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The Truth Behind The Increasing Rate of Unnecessary C-Sections

The Truth Behind The Increasing Rate of Unnecessary C-Sections

Every day, an estimated 10,000 babies are born in the US. One-third of those babies are born via cesarean births. This number has increased significantly over time, and numerous scientific community members believe that the numbers are far higher than necessary. The increases in c-section birth rates aren’t translating to healthier babies or mothers. While it’s impossible to know the required rate of cesarean sections with accurate precision, it’s closer to 10 to 15 percent.

Why Are So Many Unnecessary C-Sections Being Performed?

This very question is one that both doctors and patients are concerned with. However, the answer is by no means a straightforward one. While a majority of people agree that the mother and baby come through the delivery process safe and sound, doctors are typically paid a significant amount more for c-sections than vaginal births.

Such a financial increase may have everything to do with the rate of non-indicated cesarean sections in the United States.

C-sections are lifesaving when they’re necessary. Some situations involve cesarean sections being a preference, and some are mandatory. Cases involving conditions such as placenta previa (when going into labor, will precipitate life-threatening cord prolapse or hemorrhage) can cause the baby's death.

In many situations, cesarean sections aren’t the preferred method of delivery. Expert consensus and evidence are relatively consistent with the message that, on average, c-sections come with more risks than vaginal births. These risks include excessive blood loss, high risk of infection, increased chances of blood clots, and complications with future pregnancies. The worst threat is death.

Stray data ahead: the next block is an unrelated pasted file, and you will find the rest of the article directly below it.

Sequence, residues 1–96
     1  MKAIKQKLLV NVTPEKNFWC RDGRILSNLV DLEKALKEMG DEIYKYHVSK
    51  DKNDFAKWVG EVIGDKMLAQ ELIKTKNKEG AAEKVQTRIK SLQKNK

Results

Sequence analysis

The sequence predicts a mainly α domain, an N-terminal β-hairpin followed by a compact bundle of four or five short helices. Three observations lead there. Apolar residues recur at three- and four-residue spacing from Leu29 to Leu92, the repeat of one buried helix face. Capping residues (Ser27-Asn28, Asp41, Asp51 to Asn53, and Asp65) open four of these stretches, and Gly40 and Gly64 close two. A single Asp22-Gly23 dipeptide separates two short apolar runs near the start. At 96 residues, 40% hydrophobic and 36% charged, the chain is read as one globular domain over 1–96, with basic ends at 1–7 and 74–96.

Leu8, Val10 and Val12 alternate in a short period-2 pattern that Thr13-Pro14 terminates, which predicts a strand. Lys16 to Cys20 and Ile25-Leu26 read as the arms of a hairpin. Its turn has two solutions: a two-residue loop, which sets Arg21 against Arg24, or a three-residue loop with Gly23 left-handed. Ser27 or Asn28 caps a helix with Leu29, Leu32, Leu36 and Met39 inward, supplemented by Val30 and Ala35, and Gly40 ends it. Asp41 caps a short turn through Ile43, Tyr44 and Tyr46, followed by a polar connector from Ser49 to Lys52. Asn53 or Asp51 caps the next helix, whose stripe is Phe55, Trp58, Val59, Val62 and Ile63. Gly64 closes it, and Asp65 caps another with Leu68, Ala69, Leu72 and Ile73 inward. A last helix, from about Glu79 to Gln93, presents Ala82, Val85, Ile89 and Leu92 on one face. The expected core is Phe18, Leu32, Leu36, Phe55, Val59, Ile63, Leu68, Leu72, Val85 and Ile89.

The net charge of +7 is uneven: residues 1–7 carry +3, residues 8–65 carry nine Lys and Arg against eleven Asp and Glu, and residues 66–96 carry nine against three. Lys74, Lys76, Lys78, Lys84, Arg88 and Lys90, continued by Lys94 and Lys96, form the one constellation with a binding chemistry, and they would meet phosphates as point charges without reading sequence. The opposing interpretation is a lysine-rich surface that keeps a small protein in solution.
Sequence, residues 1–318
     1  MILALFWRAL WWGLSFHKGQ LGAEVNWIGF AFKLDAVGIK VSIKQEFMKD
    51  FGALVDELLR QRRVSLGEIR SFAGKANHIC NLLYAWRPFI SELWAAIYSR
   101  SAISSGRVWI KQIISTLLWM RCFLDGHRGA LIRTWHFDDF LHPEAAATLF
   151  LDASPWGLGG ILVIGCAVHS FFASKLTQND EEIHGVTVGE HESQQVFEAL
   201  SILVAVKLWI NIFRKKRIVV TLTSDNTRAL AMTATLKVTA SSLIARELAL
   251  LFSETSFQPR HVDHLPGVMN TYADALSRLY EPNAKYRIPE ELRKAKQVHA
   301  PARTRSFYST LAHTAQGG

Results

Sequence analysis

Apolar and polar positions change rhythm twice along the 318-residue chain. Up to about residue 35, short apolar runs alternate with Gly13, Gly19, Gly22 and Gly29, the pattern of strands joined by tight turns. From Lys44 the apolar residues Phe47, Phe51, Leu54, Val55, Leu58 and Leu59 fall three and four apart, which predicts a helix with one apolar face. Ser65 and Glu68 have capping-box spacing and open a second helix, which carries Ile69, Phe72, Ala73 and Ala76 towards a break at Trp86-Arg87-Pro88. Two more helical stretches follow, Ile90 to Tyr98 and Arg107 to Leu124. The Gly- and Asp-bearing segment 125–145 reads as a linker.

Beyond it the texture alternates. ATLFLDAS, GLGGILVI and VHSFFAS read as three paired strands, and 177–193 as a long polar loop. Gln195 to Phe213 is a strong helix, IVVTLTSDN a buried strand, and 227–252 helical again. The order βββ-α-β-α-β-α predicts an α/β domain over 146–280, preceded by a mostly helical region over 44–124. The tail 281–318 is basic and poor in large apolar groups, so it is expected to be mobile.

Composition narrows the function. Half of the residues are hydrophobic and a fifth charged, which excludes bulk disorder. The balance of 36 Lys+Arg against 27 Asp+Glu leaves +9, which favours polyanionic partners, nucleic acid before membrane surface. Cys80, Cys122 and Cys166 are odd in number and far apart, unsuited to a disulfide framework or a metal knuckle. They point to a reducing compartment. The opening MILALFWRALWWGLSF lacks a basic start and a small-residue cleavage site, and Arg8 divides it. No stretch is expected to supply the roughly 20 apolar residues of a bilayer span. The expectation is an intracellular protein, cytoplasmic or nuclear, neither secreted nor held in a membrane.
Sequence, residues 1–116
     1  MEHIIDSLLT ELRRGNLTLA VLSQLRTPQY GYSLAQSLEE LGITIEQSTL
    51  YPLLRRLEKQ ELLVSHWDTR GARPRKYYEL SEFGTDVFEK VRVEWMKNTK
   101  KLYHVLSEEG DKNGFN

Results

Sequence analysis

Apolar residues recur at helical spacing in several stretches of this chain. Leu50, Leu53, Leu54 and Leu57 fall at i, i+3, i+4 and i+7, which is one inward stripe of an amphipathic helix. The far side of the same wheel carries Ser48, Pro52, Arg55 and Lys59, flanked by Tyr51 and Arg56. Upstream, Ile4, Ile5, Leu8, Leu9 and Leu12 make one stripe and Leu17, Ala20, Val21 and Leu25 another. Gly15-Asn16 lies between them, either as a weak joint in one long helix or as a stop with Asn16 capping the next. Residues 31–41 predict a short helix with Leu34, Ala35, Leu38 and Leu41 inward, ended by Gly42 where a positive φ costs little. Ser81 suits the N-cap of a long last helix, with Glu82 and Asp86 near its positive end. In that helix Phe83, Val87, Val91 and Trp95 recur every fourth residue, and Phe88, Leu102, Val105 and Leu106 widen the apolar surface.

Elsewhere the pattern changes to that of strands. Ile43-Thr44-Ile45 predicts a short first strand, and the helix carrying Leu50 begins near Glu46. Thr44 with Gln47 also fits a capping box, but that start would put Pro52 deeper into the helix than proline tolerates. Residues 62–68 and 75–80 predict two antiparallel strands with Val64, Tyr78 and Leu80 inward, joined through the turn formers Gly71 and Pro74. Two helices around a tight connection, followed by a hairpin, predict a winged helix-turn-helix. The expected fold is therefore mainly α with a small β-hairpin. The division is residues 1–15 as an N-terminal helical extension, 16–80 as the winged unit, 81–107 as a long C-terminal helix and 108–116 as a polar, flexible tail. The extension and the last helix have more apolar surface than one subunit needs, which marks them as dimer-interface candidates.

There are many c-sections that are performed in a clinical gray area where the actual necessity isn’t apparent. The complexity revolving around c-section decision-making isn’t the problem. The trouble is that the ideals of doctors and patients making objectives and informed decisions together are difficult to come by.

The doctors and patients aren’t the only ones involved in this challenging decision, nor do they make it in a vacuum. Many births in the United States take place in hospitals. Interestingly enough, hospitals add pressures that can change birth choices. 

Many hospitals tend to be risk-averse. They’ve developed systems that intend to improve patient safety; however, this can result in pressure to have a cesarean section instead of letting natural labor continue.

Studies found that c-sections, especially first-time cesareans, tend to spike around morning, lunchtime, and the end of the night. This could be interpreted as an induced demand by doctors responding to schedule pressures.

Another reason for the United States' higher c-section rates is that doctors are often paid more for cesarean births than they are vaginal delivery. Some c-section rates are about 15 percent higher, on average. Why? Prevailing logic says a c-section is a major surgery, and that in itself reflects the more significant potential for complexity. 

However, this exact logic rests upon a crude generalization. While vaginal births can be more straightforward, they can also be complicated and time-consuming. Regardless, payments are fixed, reflecting the mode of delivery instead of the difficulty.

The fact remains the United States' existing system creates financial incentives for doctors to perform c-sections, which makes a difference in the clinical gray areas.

Studies have shown that the more money physicians get paid for cesarean births relative to vaginal delivery, the higher the cesarean rates. When these differentials get reduced, you’ll see c-section rates decrease.

There are several truths behind the increasing rates of unnecessary C-sections. It’s not only about the pay rates being higher. However, medical care is complex, and labor management is bound to face myriad pressures;. At the same time, we might not be able to relieve all of the pressures, but we might be able to change one of them. 

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